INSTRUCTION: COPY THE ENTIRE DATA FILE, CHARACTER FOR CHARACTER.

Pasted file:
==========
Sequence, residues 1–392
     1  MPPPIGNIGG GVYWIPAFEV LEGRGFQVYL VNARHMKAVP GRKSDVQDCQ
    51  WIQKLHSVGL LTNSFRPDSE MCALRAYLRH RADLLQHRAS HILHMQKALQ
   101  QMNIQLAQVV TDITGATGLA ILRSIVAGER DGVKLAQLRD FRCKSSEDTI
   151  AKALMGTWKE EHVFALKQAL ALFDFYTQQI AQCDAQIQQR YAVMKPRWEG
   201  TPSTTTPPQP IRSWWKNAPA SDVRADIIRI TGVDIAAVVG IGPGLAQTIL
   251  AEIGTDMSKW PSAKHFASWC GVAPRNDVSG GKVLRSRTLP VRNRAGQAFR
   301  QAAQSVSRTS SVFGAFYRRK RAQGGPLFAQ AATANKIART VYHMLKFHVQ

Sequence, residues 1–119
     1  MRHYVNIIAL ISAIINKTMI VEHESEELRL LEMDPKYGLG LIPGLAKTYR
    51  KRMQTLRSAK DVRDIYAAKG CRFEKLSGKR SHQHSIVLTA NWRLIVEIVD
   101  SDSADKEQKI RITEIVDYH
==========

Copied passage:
Sequence, residues 1–392
     1  MPPPIGNIGG GVYWIPAFEV LEGRGFQVYL VNARHMKAVP GRKSDVQDCQ
    51  WIQKLHSVGL LTNSFRPDSE MCALRAYLRH RADLLQHRAS HILHMQKALQ
   101  QMNIQLAQVV TDITGATGLA ILRSIVAGER DGVKLAQLRD FRCKSSEDTI
   151  AKALMGTWKE EHVFALKQAL ALFDFYTQQI AQCDAQIQQR YAVMKPRWEG
   201  TPSTTTPPQP IRSWWKNAPA SDVRADIIRI TGVDIAAVVG IGPGLAQTIL
   251  AEIGTDMSKW PSAKHFASWC GVAPRNDVSG GKVLRSRTLP VRNRAGQAFR
   301  QAAQSVSRTS SVFGAFYRRK RAQGGPLFAQ AATANKIART VYHMLKFHVQ

Sequence, residues 1–119
     1  MRHYVNIIAL ISAIINKTMI VEHESEELRL LEMDPKYGLG LIPGLAKTYR
    51  KRMQTLRSAK DVRDIYAAKG CRFEKLSGKR SHQHSIVLTA NWRLIVEIVD
   101  SDSADKEQKI RITEIVDYH